For Flagstaff Junior Academy’s Kristin Patterson, adapting to teaching during COVID-19 can be reduced to three main things: patience with herself, compassion for families and maximizing the use of technology.
“I think every teacher in Flagstaff would want to be back in school right now if we could, but in recognizing what’s safe for our students and ourselves and our family, we know that’s difficult. But we really do still love these kids and we’re trying to make a difference however we can,” said Patterson, who was named the 2020 Coconino County Teacher of the Year in a private ceremony Friday.
Patterson is a third and fourth grade teacher at FJA and has been there for a decade after graduating from Northern Arizona University with a master’s degree certification in elementary education. Though she realized in high school working with kids might be her place, she made the decision to become a teacher later, while in college.
“In making that decision, I kind of knew some of the things that I would be facing,” she said with a laugh. “I don’t think I knew all of them at the time, but it still seemed so worth it. I had so many great teachers growing up and I guess that was something that I wanted to try to aspire to in my own career at some point, but at the very least I felt like I could make a difference.”
Patterson was recognized for just such an accomplishment Friday, alongside Killip Elementary’s Ashley Curtin, who was named the 2020 Rookie Teacher of the Year. Runners-up, named Ambassadors for Excellence, were Lynn Patton of Mount Elden Middle and Todd Van Hoesen of Haven Montessori for Teacher of the Year, and Tessa Alexander of Williams High and Langley Vannoy of Sinagua Middle for Rookie Teacher of the Year.
Fourteen certified teachers were nominated for the awards this year and were required to submit an essay application and three letters of support to be considered.
Though the ceremony, held six months later than anticipated, recognized outstanding local teachers from the 2019-20 school year, the event took on a new meaning as nominees and attendees acknowledged the work of all local teachers during the ongoing pandemic.
“Teaching is getting to be a rather difficult career these days because of the many challenges, standards we have to meet,” said Coconino County Superintendent of Schools Tommy Lewis. “So I’m glad to be having this event this year. … [Teachers] do wonderful things. They let us get going, to really get excited about learning along the way. There’s so many things to say about teachers. It’s a wonderful career, folks.”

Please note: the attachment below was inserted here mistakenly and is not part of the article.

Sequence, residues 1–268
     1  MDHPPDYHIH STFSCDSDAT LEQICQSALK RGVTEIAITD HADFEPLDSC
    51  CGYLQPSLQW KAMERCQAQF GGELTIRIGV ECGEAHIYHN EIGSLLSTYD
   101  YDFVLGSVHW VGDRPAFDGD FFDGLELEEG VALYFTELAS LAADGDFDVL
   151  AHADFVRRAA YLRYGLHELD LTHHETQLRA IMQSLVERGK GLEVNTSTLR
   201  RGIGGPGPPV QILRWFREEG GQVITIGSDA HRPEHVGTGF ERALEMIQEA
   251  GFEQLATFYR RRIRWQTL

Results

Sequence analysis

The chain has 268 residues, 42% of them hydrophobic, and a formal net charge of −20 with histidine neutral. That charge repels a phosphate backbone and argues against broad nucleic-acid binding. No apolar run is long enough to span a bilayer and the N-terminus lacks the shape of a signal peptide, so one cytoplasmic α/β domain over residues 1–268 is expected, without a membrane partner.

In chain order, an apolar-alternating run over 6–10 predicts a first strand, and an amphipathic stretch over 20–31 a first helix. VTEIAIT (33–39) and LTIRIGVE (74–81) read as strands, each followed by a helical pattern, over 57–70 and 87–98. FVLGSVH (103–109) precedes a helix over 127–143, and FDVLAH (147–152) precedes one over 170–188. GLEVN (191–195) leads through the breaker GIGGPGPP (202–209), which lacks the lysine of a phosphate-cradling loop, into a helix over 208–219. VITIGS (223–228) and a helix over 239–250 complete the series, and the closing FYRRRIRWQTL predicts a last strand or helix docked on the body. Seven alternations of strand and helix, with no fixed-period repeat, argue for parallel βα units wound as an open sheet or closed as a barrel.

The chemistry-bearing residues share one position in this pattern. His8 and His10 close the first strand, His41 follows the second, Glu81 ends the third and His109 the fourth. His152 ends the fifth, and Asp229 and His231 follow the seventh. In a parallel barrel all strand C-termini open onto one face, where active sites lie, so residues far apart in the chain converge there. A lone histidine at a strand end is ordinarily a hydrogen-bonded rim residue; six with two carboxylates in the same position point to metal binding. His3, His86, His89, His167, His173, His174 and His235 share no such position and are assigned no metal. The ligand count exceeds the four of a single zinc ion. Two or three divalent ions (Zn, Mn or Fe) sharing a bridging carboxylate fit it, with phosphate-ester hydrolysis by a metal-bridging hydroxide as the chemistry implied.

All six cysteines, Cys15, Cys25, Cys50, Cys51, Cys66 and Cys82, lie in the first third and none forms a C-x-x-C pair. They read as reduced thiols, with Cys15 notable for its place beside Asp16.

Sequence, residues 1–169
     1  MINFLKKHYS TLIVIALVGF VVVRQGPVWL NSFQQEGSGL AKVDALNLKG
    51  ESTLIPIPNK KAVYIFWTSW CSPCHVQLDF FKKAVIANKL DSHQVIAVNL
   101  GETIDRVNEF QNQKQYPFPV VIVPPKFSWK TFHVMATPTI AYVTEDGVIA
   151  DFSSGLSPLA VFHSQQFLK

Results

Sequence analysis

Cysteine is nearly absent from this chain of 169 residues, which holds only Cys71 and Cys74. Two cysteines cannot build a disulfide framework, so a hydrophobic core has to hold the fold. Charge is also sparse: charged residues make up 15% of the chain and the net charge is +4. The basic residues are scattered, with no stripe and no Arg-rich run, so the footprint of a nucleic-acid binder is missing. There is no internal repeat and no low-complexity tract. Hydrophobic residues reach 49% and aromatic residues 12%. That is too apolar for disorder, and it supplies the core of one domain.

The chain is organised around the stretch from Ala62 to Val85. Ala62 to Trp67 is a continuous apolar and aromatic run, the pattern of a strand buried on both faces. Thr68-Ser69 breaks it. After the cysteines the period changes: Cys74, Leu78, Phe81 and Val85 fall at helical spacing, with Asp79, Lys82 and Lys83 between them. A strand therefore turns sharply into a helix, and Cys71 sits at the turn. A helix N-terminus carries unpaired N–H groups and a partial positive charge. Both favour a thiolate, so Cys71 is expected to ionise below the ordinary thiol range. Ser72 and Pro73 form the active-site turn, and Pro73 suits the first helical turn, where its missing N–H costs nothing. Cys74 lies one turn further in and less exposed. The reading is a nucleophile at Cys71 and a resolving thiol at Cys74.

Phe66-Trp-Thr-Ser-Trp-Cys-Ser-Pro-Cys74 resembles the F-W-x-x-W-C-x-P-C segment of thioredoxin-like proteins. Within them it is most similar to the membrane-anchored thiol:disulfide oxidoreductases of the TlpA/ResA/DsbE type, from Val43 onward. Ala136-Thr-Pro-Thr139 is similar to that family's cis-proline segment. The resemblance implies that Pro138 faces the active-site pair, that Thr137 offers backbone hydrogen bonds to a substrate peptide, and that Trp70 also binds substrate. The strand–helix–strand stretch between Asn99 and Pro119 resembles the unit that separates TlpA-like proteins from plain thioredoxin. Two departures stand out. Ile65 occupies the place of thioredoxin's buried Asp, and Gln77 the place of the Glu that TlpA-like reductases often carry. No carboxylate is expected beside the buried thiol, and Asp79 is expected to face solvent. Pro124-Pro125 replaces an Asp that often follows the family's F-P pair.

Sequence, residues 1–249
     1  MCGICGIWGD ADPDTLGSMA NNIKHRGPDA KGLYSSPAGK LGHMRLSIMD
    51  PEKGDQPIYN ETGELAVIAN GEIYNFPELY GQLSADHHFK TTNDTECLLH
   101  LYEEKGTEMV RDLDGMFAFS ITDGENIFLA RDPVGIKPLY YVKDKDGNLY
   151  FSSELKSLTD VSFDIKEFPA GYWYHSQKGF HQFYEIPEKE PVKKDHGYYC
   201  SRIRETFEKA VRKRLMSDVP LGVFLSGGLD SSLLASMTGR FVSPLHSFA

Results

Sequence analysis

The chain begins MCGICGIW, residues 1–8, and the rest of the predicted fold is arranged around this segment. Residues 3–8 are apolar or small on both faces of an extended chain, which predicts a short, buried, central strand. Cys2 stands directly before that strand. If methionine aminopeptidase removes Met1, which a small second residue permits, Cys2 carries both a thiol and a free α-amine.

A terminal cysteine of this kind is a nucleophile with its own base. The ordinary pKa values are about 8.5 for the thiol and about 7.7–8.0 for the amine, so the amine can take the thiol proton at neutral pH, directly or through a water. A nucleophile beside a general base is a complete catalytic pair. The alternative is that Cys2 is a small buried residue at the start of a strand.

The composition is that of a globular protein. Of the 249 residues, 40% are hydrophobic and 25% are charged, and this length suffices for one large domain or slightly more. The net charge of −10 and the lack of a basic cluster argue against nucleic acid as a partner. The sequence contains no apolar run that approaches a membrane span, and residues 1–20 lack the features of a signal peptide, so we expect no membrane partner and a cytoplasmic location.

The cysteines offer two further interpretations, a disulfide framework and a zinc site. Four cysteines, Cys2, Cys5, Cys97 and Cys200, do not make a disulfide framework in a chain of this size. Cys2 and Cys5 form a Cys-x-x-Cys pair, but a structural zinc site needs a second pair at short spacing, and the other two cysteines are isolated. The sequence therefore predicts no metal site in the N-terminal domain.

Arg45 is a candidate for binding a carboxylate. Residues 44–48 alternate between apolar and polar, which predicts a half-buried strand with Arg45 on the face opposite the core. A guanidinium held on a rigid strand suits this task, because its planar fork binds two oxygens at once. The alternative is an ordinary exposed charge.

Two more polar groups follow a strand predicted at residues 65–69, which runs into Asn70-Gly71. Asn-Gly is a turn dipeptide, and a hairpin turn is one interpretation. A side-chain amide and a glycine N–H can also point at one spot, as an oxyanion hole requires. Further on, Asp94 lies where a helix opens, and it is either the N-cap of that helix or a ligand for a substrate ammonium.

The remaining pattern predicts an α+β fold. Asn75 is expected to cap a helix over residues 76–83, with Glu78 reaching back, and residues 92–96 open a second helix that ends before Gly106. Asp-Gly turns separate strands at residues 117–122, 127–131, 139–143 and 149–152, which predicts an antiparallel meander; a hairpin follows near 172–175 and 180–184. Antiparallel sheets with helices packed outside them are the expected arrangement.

Lewis spoke to a group of about 30 spectators, who sat in socially distanced chairs in the Ponderosa High School parking lot Friday afternoon to watch their family members or colleagues be recognized as outstanding teachers.
Rookie teacher Curtin, who has been at Killip for three years, attributed her success as a third grade teacher to these very same colleagues.
“I’m kind of speechless, just thankful,” Curtin said of receiving the award. “It is not a job I could ever do alone and my principal and mentor and especially the students and community are just endlessly supportive and giving and without them, it would be a difficult job.”
She thought she wanted to become a high school teacher after serving as a teacher aid while attending Coconino High School. When she later worked with elementary students in college, though, she was hooked.
“Elementary kids are so funny and I just kind of loved it,” Curtin said, explaining that the students remain her favorite part of her job. “They are always sweet and funny and they have spunky personalities and they’re just fun to spend time with and learn from.”
Patterson said she particularly enjoys getting to see her own students grow over the course of her two years with them as they progress through the third and fourth grades.
“They’re pretty little when I first get them, they’re 8, and by the time they leave, just to see the independence and maturity and kind of the transformation they’ve gone through over that time is probably my favorite part,” she said.
Patterson said she wished it would be possible to hold a larger celebration to celebrate all of Flagstaff’s dedicated teachers and felt honored to be recognized among them. Her advice for new teachers is to stick with it — and rely on supports like family and colleagues to do so.
“It’s going to feel hard and it’s going to feel impossible sometimes, but it’s worth it to stick with it,” she said.
The two Teachers of the Year and the Ambassadors for Excellent were awarded cash and other prizes. Patterson was also awarded a one-year leased Toyota Camry from Findlay Toyota, which reads, “Thank you Teacher of the Year, for your excellence in our community.”
Kaitlin Olson can be reached at the office at firstname.lastname@example.org or by phone at (928) 556-2253.